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Learning from the experts: first-hand perspectives on self-care in Uganda

November 1, 2019 by Jennifer Drake

A woman in Uganda learns how to self-administer injectable contraception with support from a community health worker. Photo: PATH/Will Boase.

A woman in Uganda learns how to self-administer injectable contraception with support from a community health worker. Photo: PATH/Will Boase.

Women in Uganda trying contraceptive self-injection for the first time share invaluable perspectives on practicing self-care for sexual and reproductive health.

At PATH, we have a decades-long history of expanding options for self-care in sexual and reproductive health. We owe that history, in no small part, to the expertise and first-hand experiences of women practicing self-care.

Women’s first-hand experiences have guided the development of women-controlled products like the Caya® diaphragm and Woman’s Condom. They’ve informed pioneering research and practice on contraceptive self-injection and self-sampling for cervical cancer screening. Their experiences have also helped to set the agenda on the role of self-care in health systems, and to develop WHO’s new self-care guidance.

In Uganda, PATH recently interviewed women about their preferences for learning to self-inject contraception. We took the opportunity to ask women if they had experience with other forms of self-care, and what self-care means to them. Here’s what we learned.

“After I had reinjected, I went about my work. Not like walking from the facility—you get the injection and then walk a long distance. It is difficult, the journey to walk every three months.”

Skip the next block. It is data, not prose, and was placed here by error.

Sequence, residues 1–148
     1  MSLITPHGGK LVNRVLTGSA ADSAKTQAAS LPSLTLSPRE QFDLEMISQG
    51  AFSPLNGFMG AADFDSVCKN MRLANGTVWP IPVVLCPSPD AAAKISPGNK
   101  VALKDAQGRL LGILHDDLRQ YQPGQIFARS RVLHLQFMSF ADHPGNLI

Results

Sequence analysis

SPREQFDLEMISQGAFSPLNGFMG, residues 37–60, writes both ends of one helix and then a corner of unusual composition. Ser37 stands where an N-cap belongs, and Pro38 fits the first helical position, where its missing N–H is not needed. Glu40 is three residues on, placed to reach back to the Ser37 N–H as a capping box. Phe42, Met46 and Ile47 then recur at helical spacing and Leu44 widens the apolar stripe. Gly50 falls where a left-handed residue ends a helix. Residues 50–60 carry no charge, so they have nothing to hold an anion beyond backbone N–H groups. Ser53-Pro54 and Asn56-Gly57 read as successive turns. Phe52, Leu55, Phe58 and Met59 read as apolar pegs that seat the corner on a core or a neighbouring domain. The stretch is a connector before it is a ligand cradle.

— Contraceptive self-injection client in Uganda

Women are already engaging in a wide range of self-care practices.

When asked about self-care practices, many women said they already had experience with sanitation and hygiene, nutrition and immunization for their children, and HIV self-testing and managing antiretroviral medications for themselves or someone in their lives. This experience lays a strong foundation for the self-care innovation of contraceptive self-injection. PATH and partners have been working for more than five years to expand access to contraceptive self-injection for women in the countries where we work, including Uganda.

We have engaged with clients throughout that process, soliciting their input on the design of Uganda’s self-injection program through human-centered design activities, gathering perspectives through mixed-methods research, and sharing program findings through community meetings in each program district. Our engagement has yielded rich insights on self-injection that are being directly integrated in the formulation of Uganda’s national guidelines. Women’s perspectives on self-care also inform PATH’s global advocacy on the topic.

Women appreciate the convenience of self-care practices like contraceptive self-injection.

Among the women we interviewed, convenience was the number one reason cited for learning to self-inject contraception. As one young woman in Uganda told us, “After I had reinjected, I went about my work. Not like walking from the facility—you get the injection and then walk a long distance. It is difficult, the journey to walk every three months.”